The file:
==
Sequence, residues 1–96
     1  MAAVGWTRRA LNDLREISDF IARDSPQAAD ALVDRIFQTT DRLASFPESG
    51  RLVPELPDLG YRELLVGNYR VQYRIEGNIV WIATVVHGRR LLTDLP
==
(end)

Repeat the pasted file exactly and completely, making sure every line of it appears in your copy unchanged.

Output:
Sequence, residues 1–96
     1  MAAVGWTRRA LNDLREISDF IARDSPQAAD ALVDRIFQTT DRLASFPESG
    51  RLVPELPDLG YRELLVGNYR VQYRIEGNIV WIATVVHGRR LLTDLP